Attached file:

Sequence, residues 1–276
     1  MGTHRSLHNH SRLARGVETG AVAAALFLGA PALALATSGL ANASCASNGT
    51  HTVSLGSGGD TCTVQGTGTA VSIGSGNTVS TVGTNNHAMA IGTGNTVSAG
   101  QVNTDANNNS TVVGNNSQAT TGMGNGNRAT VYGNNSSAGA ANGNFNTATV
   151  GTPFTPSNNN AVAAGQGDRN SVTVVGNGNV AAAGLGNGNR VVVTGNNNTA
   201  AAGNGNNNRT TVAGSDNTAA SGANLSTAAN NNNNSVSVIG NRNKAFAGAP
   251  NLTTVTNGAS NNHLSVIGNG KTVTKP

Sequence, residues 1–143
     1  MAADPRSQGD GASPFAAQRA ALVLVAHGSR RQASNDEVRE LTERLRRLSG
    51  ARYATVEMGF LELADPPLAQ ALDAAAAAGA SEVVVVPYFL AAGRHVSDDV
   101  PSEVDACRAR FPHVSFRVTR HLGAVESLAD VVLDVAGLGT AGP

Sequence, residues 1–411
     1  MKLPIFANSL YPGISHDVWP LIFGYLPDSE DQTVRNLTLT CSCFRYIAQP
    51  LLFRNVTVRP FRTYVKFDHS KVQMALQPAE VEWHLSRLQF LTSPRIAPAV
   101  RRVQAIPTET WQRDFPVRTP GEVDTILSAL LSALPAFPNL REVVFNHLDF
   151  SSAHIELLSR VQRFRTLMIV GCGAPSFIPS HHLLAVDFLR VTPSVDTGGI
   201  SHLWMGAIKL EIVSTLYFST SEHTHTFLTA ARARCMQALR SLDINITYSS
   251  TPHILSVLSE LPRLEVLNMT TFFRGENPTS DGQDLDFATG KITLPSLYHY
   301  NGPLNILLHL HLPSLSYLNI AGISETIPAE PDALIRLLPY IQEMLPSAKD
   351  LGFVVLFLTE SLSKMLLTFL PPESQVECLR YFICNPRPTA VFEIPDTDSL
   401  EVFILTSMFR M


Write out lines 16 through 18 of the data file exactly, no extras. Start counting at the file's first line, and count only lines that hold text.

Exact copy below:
   151  SSAHIELLSR VQRFRTLMIV GCGAPSFIPS HHLLAVDFLR VTPSVDTGGI
   201  SHLWMGAIKL EIVSTLYFST SEHTHTFLTA ARARCMQALR SLDINITYSS
   251  TPHILSVLSE LPRLEVLNMT TFFRGENPTS DGQDLDFATG KITLPSLYHY